You can see step-by-step instructions for attaching 18th-century shoe buckles here. If you want to see the process in more detail, here's a video explaining exactly how it's done.



4) The blind cave fish (scientific name Astyanax mexicanus) is a type of Mexican tetra that lives in caves in Central America. (Photo from Wikipedia.)
Lying in the center of the cloth was a small dried fish, much like those darting about in the spring, save that this one was pure white. It was also blind. On either side of the blunt head, there was a small swelling where an eye should have been, but that was all.

[....]

I peered more closely at the fish, which Stern was examining with the rapt joy of the born naturalist. The skin was very thin, and so transparent that the shadows of the internal organs and the knobbly line of the vertebrae were clearly visible, yet it did have scales, tiny and translucent, though dulled by dryness.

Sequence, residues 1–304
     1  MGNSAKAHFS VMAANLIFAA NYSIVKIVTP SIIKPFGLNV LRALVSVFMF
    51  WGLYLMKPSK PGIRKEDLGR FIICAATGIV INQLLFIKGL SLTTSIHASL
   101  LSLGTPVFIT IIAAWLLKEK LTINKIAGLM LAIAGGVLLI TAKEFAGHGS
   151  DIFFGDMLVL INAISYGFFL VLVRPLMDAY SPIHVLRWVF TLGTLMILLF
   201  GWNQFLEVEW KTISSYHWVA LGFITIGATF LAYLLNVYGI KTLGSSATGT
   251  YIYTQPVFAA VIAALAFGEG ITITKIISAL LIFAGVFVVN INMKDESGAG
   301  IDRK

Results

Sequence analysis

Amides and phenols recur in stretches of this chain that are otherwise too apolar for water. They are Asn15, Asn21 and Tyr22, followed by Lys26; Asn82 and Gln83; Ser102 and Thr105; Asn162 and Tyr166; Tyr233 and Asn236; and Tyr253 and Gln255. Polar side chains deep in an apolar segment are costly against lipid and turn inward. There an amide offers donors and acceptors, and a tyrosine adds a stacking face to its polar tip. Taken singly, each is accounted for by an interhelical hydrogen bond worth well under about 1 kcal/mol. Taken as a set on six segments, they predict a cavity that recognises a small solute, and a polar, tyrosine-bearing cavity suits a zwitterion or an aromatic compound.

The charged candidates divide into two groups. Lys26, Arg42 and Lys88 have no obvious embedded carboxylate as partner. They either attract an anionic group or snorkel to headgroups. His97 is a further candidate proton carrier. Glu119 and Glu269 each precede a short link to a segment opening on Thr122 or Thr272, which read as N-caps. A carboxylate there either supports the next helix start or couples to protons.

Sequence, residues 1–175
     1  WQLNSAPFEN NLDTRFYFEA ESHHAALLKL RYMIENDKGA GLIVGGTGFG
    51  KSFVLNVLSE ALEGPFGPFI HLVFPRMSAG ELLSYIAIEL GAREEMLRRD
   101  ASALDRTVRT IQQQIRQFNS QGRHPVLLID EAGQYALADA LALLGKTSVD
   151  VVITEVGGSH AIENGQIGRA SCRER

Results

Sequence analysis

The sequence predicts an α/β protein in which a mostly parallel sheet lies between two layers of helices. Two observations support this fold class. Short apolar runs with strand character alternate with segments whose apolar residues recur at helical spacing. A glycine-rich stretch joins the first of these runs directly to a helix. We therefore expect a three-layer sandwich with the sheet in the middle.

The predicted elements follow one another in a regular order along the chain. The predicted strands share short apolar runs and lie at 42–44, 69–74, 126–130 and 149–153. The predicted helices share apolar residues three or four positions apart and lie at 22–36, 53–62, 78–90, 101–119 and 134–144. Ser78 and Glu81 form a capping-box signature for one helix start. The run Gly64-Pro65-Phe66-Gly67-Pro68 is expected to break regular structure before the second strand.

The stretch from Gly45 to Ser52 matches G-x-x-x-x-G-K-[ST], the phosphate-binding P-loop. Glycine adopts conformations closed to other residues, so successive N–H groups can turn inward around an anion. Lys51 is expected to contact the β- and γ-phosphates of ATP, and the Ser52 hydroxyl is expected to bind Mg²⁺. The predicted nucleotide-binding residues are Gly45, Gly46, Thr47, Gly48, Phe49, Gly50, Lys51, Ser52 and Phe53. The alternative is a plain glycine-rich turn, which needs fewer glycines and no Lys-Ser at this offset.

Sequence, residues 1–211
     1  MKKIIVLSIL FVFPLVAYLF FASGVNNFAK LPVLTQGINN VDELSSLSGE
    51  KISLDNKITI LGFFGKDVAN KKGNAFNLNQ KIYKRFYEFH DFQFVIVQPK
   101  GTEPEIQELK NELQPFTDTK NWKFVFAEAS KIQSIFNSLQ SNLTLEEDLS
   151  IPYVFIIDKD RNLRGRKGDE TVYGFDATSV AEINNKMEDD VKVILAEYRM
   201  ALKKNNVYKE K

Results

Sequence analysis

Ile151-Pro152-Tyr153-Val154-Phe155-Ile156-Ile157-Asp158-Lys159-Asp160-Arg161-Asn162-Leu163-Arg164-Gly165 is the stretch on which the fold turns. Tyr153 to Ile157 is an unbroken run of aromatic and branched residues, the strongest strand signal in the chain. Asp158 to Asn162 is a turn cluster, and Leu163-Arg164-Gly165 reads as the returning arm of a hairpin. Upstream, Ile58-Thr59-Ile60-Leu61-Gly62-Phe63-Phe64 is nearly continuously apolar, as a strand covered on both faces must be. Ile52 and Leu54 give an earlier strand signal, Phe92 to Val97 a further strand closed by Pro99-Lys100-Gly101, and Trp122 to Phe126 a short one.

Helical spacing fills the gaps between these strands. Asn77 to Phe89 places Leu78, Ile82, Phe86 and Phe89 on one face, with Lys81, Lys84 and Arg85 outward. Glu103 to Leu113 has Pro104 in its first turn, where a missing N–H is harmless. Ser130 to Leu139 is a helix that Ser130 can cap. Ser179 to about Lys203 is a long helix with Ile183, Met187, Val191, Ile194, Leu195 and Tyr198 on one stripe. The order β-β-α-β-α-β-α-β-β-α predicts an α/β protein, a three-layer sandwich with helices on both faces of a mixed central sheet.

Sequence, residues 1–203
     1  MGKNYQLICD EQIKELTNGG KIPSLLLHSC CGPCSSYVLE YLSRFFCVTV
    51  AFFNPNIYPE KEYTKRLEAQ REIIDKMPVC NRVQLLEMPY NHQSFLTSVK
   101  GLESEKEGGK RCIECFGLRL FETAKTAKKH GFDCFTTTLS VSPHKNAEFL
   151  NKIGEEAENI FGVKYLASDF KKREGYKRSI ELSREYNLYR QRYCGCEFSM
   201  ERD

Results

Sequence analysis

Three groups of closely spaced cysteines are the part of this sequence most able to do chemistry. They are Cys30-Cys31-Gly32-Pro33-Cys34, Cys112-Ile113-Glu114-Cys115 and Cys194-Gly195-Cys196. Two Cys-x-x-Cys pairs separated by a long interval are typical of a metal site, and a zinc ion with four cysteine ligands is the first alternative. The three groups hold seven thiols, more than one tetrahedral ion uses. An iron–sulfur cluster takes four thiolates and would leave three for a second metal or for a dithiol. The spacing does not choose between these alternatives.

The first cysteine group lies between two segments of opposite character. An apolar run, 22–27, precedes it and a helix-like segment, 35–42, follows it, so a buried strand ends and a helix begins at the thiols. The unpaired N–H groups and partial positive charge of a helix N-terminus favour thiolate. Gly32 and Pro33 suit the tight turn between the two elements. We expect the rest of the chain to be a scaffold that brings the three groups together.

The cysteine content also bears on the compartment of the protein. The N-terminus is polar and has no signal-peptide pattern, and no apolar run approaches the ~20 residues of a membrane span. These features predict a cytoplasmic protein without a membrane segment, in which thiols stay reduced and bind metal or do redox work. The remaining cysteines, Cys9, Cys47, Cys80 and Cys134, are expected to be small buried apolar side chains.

“It is a blind cave fish,” Stern said, reverently stroking the tiny blunt head. “I have seen one only once before, in a pool deep inside a cave, at a place called Abandawe."

(From VOYAGER by Diana Gabaldon, chapter 50, "I Meet a Priest". Copyright© 1994 by Diana Gabaldon. All rights reserved.)


Here's another view of a blind cave fish. (Photo credit: Chris Bell, on Flickr.)  If you're wondering what would cause an entire species of fish to evolve without eyes, check out this article from December, 2013, about a new and controversial theory regarding the evolution of these fish.



5) Long before Francis Scott Key wrote the lyrics to "The Star-Spangled Banner", there was a popular 18th-century song called "To Anacreon in Heaven". You may remember this scene near the beginning of DRUMS OF AUTUMN:
A clear tenor voice, wobbly with drink, but sweet nonetheless, was singing a familiar tune, audible over the babble of talk.
"To Anacreon in heav'n, where he sat in full glee,
A few sons of harmony sent a petition,